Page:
One of the regular issues when off roading is getting bogged down in the brown wet stuff or sand, if you’re in the sun. If traveling alone the answer is track mats, a shovel or winching, but if you have a second vehicle at your disposal a lot of work can be avoided by a snatch recovery.
Enter the KERR rope (Kinetic Energy Recovery rope) or snatch rope/strap. A fantastic bit of kit if used correctly, and is a must in
every recovery bag.
When purchasing a snatch rope/strap is it important that you know your vehicles maximum laden weight, then go for the next one up to be absolutely covered. Snatch straps do wear out and you will need to inspect it and clean after every use before stowing away for the next time. The unspoken rule for a recovery is if it’s your vehicle in trouble then you use your strap and gear, this is common courtesy that most of use without thinking.
HOW DO THEY WORK.
A snatch strap or rope is around nine to ten meters in length with reinforced eyelets at each end, the best type being manufactured from 100% nylon, polyester content ropes are best avoided as the stretch properties are not the same.
The idea of the strap is to use the kinetic energy built up in the initial stretch to snatch the vehicle out of the bogged situation with sharp force, as in a catapult effect. All straps and ropes will have a Safe Working Load (SWL) tab on it, check this before use to confirm the tolerances for your requirements.
Never use a KERR rope for general winching or pulling out fence posts etc. Only use approved and rated recovery points on both vehicles, never use a tow ball or serious damage and injury could occur. Many instances of this are well documented on line, and always use a cable damper as in winching operations as a safety precaution.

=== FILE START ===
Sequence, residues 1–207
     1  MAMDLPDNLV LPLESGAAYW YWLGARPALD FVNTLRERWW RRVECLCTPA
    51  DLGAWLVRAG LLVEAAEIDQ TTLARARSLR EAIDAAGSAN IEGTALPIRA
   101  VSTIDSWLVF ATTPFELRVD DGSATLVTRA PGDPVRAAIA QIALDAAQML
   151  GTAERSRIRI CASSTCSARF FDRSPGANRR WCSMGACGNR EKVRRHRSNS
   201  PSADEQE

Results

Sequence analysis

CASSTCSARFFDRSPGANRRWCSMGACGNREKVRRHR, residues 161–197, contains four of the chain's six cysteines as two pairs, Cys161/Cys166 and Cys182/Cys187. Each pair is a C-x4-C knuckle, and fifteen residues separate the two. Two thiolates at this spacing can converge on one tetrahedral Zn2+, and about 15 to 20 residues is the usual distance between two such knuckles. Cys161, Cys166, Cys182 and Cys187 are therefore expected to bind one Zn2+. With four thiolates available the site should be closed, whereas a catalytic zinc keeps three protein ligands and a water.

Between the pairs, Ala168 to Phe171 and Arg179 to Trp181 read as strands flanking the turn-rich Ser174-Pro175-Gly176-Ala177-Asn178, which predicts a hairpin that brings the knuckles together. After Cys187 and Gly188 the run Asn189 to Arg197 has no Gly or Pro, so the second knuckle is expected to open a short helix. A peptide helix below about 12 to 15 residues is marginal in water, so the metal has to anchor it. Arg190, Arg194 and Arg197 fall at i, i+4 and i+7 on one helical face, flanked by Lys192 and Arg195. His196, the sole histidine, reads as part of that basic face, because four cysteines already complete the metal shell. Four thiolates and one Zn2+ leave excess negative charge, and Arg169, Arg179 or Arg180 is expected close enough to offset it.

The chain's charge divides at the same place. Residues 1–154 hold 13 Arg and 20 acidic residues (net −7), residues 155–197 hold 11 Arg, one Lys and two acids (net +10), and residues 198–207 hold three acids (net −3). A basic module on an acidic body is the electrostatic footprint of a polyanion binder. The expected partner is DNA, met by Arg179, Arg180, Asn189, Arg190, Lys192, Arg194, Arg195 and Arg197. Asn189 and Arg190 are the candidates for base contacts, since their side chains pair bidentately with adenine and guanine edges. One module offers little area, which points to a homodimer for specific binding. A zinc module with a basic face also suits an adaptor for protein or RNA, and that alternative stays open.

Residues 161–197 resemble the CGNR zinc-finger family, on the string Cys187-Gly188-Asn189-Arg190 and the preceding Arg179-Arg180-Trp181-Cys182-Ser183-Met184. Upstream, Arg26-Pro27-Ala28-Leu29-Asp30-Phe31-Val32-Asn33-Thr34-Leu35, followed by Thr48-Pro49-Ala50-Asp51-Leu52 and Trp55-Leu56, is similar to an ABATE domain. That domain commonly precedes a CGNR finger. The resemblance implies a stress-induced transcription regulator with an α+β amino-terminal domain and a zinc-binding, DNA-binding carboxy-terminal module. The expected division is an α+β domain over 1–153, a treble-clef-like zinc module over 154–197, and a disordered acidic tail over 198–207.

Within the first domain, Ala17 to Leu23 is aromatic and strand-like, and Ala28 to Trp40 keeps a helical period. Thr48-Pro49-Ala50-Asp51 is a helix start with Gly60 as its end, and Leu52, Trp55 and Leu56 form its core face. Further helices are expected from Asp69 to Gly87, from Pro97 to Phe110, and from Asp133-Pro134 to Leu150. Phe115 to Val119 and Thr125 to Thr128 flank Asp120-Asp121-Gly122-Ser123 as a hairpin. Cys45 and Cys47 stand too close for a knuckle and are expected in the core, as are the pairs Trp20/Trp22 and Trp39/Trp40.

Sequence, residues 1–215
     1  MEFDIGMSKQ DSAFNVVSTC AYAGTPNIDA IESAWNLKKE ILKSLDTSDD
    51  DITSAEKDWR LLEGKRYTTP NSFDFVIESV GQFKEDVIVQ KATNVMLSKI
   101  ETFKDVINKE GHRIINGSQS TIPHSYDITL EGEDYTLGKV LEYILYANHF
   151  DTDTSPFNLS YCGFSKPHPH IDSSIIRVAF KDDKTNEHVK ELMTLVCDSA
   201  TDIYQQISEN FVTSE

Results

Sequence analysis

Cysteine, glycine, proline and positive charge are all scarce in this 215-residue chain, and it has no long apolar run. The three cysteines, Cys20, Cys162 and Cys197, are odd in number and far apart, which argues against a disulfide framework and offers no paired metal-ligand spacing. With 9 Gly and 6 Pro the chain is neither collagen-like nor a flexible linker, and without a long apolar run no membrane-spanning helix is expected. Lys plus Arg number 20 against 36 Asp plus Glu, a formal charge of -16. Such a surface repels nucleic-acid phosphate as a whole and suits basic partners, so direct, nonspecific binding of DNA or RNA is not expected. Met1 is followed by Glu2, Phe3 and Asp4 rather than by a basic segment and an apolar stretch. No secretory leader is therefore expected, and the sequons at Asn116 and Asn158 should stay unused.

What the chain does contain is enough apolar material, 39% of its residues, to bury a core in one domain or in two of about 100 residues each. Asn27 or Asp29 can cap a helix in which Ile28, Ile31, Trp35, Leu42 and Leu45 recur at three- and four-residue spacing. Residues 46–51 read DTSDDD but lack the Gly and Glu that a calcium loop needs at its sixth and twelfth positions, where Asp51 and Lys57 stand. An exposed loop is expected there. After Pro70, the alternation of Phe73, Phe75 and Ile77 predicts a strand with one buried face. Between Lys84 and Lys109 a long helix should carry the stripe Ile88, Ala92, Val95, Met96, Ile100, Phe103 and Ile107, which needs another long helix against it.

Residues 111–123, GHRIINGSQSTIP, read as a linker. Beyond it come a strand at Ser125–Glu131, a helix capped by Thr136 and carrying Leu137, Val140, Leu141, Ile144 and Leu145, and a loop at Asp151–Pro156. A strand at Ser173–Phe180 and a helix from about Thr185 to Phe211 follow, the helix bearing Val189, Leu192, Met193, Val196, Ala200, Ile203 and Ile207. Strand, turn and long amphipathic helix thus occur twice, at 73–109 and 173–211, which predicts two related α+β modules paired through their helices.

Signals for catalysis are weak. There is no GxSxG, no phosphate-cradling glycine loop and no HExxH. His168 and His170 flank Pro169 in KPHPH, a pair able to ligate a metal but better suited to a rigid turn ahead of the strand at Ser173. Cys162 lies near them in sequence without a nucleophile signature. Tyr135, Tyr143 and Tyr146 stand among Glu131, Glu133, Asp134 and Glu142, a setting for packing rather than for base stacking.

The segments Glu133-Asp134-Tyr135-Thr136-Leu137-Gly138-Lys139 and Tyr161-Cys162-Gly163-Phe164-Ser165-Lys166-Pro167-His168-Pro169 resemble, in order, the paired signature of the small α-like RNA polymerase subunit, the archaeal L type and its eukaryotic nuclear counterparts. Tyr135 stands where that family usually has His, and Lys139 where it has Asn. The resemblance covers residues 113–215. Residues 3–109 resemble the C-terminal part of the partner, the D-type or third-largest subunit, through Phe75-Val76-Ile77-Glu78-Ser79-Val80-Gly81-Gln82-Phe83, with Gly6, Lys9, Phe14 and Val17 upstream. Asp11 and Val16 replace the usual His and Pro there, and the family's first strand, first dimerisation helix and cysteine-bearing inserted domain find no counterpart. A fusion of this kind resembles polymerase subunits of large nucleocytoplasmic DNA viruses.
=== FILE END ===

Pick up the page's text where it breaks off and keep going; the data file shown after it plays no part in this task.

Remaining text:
Take a walk around the stuck vehicle and look why it is trapped, is there anything that needs to be cleared for the pull and the path you will be taking, rocks, stumps and the like. Can the recovery be made easier with a little bit of shovel work to reduce suction in the mud?
One you are satisfied with the above, hook up your strap to both vehicles to rated recovery points, only use rated D shackles for your weights to be moved, the shackles will be stamped with a SWL if not, do not use them as they could break and become flying metal missiles. Use the pin on the shackle for the eyelet to sit and when you tighten the pin turn back half a turn to prevent thread lock under the action of pulling. Add your cable damper to the middle of the rope or strap and you are ready to go.
Both drivers discuss the operation in hand and procedures to be taken, CB radios are ideal to use or have a third person giving clear hand signals between both parties at a safe distance. Ensure all bystanders are well clear of the area, and both drivers are wearing seatbelts
The lead vehicle must then take up the slack and be in Low Range second gear ready to go, the stuck vehicle in Low Range first gear too high a speed is dangerous and will not allow a safe stretch and snap-rebound. The bogged vehicle driver must release the clutch when the jolt from the rope is felt pulling. The vehicle should now just snap free from the situation. If all goes well, slowly drive forward to safe ground, disconnect the rope and check for any damage to the vehicles and your equipment.
On an attempt that fails, re-evaluate the whole of the above situation, making the pulling action required less by preparing more. Simply increasing the speed will increase the load on everything involved for the recovery, at a momentary point where a failure of one components is significantly higher.
On completion finally check if the rope or strap has any nicks, fraying or stretch markings, if so, replace it, do not risk future problems. If it is covered in mud or wet, poly bag it up, then at home wash it and dry it thoroughly or your strap/rope will rot if stored wet.
Feature image; 4×4 store